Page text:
A Mars-back approach to lunar surface operations
Author(s)Kleinwaks, Howard Neil
Massachusetts Institute of Technology. Dept. of Aeronautics and Astronautics.
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The Vision for Space Exploration initiated a new space exploration program and called for a long term national commitment to space exploration starting with a return to the Moon and continuing with the exploration of Mars and beyond. The development and operation of the new space exploration system needs to occur within the confines of NASA's current funding. This funding restriction prevents the development of separate space exploration systems for both the Moon and Mars. Therefore, in order to explore both locations, it is necessary to adopt a "Mars-back" approach to lunar exploration, wherein a Martian system is designed and then applied to the Moon. The lunar missions will not require the entire suite of hardware that will be needed on Mars. This thesis describes the reasoning behind using a Mars-back approach and its application to surface operations, using a baseline surface architecture consisting of 5 crew staying on the surface of Mars for 600 days. The surface mobility system will consist of 5 all-terrain vehicles and two towable pressurized volumes, termed campers. The power and habitation requirements are discussed. The Martian surface architecture is then applied to the Moon, where the performance of the same equipment on the lunar surface is evaluated. A campaign of lunar missions is designed to take advantage of the staged development of equipment for the exploration system. While the entire suite of equipment will be needed on Mars, the lunar missions can accomplish useful work and perform real exploration using only a subset of the equipment, such as only the mobility equipment and not the habitat. The main goal of the lunar missions is to prepare for Martian exploration.(cont.) The progress of the lunar missions towards accomplishing this goal is measured using the Mars Exploration Readiness Level (MERL).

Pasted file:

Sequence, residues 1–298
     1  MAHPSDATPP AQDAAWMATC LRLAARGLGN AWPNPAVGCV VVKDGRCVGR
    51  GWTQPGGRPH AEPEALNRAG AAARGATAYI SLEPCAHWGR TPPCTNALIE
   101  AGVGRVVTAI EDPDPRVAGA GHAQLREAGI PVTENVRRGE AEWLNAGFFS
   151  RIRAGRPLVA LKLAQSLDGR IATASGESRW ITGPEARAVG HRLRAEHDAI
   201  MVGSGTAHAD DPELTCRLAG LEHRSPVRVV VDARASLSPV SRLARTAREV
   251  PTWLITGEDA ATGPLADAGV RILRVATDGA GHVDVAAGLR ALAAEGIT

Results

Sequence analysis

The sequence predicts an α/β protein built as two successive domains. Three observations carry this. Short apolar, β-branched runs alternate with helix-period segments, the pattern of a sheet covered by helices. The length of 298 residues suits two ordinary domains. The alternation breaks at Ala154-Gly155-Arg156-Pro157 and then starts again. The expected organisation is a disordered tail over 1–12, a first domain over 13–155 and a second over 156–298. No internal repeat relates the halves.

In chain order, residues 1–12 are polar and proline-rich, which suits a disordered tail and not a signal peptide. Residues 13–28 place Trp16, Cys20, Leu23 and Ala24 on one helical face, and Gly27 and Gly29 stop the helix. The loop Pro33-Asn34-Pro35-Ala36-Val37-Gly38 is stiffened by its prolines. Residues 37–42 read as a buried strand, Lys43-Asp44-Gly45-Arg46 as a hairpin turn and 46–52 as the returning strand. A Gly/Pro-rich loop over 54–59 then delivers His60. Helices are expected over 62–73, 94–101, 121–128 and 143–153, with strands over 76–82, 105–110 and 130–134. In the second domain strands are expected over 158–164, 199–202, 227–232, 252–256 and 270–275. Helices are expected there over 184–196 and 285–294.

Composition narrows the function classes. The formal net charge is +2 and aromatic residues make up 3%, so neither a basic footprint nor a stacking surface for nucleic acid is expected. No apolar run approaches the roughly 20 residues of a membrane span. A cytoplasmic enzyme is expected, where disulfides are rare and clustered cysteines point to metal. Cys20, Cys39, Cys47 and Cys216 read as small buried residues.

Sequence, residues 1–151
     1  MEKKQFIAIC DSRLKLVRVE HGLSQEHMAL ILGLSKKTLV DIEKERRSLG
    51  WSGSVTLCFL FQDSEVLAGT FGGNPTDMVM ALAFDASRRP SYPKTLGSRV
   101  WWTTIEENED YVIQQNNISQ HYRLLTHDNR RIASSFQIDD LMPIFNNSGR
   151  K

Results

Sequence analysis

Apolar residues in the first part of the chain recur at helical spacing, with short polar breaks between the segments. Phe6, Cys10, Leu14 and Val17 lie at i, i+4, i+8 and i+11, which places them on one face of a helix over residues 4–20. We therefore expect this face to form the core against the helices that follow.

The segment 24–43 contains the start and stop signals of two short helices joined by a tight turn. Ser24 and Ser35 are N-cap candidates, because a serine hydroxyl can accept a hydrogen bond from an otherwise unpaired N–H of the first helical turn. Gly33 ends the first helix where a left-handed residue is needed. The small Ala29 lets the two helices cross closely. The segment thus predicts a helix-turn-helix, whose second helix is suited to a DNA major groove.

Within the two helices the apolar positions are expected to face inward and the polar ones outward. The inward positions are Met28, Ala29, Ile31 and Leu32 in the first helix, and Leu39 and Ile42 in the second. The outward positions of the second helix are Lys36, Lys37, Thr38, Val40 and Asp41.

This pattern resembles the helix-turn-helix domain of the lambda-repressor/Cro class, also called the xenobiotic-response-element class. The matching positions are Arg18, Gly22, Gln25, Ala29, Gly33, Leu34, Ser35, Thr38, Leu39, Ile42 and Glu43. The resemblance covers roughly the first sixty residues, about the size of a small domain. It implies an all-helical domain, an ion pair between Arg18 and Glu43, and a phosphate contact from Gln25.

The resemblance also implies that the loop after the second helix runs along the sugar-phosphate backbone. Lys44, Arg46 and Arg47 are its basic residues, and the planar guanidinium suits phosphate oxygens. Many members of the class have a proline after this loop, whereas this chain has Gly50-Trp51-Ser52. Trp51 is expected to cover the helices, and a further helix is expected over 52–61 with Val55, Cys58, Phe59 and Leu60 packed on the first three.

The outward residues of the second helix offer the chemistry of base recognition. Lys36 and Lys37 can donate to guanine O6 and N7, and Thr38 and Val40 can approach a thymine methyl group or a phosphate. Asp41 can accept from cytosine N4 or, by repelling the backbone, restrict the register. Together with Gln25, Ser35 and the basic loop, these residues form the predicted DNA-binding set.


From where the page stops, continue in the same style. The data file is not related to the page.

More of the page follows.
Thesis (S.M.)--Massachusetts Institute of Technology, Dept. of Aeronautics and Astronautics, 2005."The code for the Activities Model and the Habitat Model can be found on the CD accompanying this thesis"--Appendix C, p. 113.Includes bibliographical references (p. 104-116).
DepartmentMassachusetts Institute of Technology. Dept. of Aeronautics and Astronautics.
Massachusetts Institute of Technology
Aeronautics and Astronautics.